Prairies Featured Articles

Better Farming publishes nine editions of its Prairies magazine each year. After publishing each edition, we share a feature article online. Each Better Farming Prairies magazine includes much more content – you won’t want to miss it. If you don’t receive the print edition of Better Farming Prairies, but you enjoy reading the articles below, be sure to subscribe to the magazine!

Precision Planning for 2022’s canola crop

Experts discuss innovative techniques for a successful yield.

by Kristen Lutz

Coming out of the drought of 2021, western Canadian producers are very aware of the effects Mother Nature can and will have on their yields, especially in sensitive crops like canola.

The 2022 growing season offers new opportunities to producers with high commodity prices, and in many areas, increased soil moisture from snowmelt.

Building Improved Food Security

USask to begin research into new strategies for crop protection.

by Colleen Halpenny

“As markets continue to be volatile, and with ever-changing growing conditions – and consumers looking to have a stable food supply – we must find new ways to bolster plants to thrive.

“What can have the largest potential positive impact?”

This is what Dr. Karen Tanino says that she and colleague, Dr. Tawhidur Rahman, hope to find out through new funding for their research on crop protection.

Most Unwanted List: Pests

The Top 5 undesirable insects that are coming for your crops this year.

by Becky Dumais

Every year producers deal with pests creeping onto the farm – those unwanted guests that infiltrate the field, eat their way through crops and hamper yields and productivity.

Five invertebrate pests we are expecting to invade Prairie fields this season are: grasshoppers, flea beetles, lygus bugs, cutworm, and wheat stem sawfly.

With this list of potential suspects in mind, how can producers prepare for these crop-crippling creatures?

An Update on fertilizer

What's causing the high prices and how can producers manage it?

by Kristen Lutz

“We are going into a new season, let’s stay positive,” says Ian Boxall, president and director of District 4 with Agriculture Producers Association of Saskatchewan (APAS).

After the extreme drought of last year’s growing season, western Canadian producers are ready for a fresh start. However, they are already faced with their first challenge before the snow has melted: high fertilizer prices.

Defining Soil Health in 2022

What's the right recipe farmers need to create optimal soil?

by Kristen Lutz

Soil health is a complex subject muddied down by finding the right mix of elements that contribute to optimal conditions.

Whether it’s soil structure, organic matter, or good microbial content, what exactly contributes to happy, healthy soil? Has the definition and goal changed in the last few years?

The answer is often dependent on what the producer is looking to get out of their land.

Pre-Season Tips to Ensure Seeding Success

Plan for 2022 according to market volatility, logistics, inputs and supply chain constraints.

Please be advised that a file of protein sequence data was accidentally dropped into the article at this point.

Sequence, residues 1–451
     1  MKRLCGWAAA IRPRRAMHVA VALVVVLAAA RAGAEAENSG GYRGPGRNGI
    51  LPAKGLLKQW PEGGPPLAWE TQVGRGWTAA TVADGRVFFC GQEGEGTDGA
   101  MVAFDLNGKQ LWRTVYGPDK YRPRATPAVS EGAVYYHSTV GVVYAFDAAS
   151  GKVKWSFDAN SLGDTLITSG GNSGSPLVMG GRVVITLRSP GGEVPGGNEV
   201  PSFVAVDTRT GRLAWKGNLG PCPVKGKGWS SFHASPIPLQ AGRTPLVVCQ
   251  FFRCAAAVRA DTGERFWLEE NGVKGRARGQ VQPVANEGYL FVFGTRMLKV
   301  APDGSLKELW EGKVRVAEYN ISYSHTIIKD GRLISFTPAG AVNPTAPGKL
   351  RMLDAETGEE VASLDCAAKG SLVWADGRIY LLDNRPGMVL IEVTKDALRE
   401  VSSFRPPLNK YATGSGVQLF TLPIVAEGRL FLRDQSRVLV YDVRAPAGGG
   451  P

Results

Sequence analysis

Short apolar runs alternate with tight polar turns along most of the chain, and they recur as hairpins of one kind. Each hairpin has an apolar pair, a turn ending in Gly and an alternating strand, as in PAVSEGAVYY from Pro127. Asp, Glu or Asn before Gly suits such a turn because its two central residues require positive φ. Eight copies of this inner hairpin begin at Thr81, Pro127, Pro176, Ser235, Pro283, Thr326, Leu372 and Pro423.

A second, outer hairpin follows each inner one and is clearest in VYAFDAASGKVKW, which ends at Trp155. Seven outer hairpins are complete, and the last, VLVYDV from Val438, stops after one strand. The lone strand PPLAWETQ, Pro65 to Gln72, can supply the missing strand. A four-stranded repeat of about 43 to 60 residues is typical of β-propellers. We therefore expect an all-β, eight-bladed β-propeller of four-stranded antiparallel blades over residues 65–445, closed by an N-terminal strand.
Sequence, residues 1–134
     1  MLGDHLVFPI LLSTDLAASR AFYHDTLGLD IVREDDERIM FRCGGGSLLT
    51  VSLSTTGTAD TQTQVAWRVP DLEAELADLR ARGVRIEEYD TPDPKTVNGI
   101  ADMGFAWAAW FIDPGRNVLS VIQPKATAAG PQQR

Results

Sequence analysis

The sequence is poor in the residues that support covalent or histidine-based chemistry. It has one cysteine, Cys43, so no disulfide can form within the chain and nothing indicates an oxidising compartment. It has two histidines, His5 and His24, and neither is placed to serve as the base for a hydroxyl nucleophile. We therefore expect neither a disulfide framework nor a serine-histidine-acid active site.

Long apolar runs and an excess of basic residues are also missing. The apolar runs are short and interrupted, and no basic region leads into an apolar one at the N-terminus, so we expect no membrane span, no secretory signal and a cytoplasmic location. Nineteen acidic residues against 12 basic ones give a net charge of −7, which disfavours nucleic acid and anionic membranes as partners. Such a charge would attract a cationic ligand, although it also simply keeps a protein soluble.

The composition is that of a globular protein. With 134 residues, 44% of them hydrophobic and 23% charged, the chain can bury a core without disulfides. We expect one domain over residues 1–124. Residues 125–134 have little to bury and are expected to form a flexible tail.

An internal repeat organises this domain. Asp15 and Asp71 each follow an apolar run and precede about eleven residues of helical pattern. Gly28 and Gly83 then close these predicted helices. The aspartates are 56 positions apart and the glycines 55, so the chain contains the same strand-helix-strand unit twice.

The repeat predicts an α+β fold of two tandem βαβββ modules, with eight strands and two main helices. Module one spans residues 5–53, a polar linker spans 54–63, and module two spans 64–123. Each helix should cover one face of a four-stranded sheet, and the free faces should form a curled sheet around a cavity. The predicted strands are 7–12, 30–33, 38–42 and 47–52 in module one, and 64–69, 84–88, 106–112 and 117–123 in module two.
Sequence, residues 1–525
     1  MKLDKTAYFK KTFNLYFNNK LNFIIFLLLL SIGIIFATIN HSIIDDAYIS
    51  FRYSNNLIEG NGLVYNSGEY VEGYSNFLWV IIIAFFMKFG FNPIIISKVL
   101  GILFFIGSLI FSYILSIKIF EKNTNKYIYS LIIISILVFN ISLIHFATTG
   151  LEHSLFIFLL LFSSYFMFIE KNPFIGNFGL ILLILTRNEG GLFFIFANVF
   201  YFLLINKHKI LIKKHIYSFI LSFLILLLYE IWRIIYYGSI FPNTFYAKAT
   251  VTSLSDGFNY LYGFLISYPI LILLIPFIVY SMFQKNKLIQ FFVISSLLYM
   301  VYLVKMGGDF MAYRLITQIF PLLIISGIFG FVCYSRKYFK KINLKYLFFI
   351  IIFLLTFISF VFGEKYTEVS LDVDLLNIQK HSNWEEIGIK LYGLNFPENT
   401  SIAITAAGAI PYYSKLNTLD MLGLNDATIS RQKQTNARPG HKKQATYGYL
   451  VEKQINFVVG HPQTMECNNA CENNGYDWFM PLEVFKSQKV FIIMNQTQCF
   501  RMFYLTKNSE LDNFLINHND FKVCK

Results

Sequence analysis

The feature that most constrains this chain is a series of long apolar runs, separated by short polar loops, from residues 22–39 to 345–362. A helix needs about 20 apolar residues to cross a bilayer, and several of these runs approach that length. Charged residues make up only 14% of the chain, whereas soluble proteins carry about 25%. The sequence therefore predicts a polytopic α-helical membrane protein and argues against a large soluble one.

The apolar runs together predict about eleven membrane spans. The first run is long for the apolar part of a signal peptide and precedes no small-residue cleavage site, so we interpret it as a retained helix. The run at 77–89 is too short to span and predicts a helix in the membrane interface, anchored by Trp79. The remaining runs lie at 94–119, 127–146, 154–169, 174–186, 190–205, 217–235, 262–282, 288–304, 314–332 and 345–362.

By Colleen Halpenny

As Prairie producers gear up for a strong 2022 growing season, optimum seeding is key to getting off to a solid start.

From proper equipment maintenance and ensuring soil health, to weed control and seed selection, we’ve compiled a handful of early-season ideas to ensure success and boost yields.

Prepare your equipment

Before you even head to the field, is your drill up to the task?

High Speed Internet: Down Low on the Farm

Too many producers are without reliable service, putting them at a disadvantage.

By Becky Dumais

Farms are important businesses that run serious equipment, yet their rural location puts them at a disadvantage for securing a reliable, high-speed internet connection. What good are those technology-enabled systems if you can’t even get online? Simply having internet access is no longer enough; being restricted by a limited choice of providers or burdened with costly overages is also unacceptable.

Labour Pains

Where does Canada’s farm labour shortage stand? Are there solutions coming?

By Colleen Halpenny

As Canadian farms continue to feel the pinch of a shrinking labour force, our industry actively searches for solutions.

“Producers across the country are facing tough realities,” says Gary Stordy, director of government and corporate affairs for the Canadian Pork Council. “The supply chain has been hit at all levels.”

Closing a processing plant because it can’t retain enough staff has far-reaching effects, for example.

Breakthrough tech: What’s next?

Four innovative technologies that can improve the future of agriculture.

By Kristen Lutz

“Without innovation, we would probably still be using ox and plows – and even that was an innovation,” says Adrian Rivard, president and operations manager of Drone Spray Canada.

For years, new farming technologies have focused on improving yield, enhancing profitability, solving labour shortages and reducing environmental impact. Technological advancements are constantly being introduced and producers work hard to stay on the cusp of technology to tackle these challenges.

Policing Farm Crime

By Becky Dumais

Prairie producers are routinely at the mercy of the elements; drought and disease prevail at will. They’re also not immune to being victims of crime. The headlines that frequent the news – and the variances in types of incidents – illustrate that thieves are not discerning, just desperate.

Breaking and entering, hay theft, stolen tractors, animals – even maple syrup and lobster … theft reaches producers from agriculture to aquaculture. It’s garnered enough attention to warrant a TV series on CBC.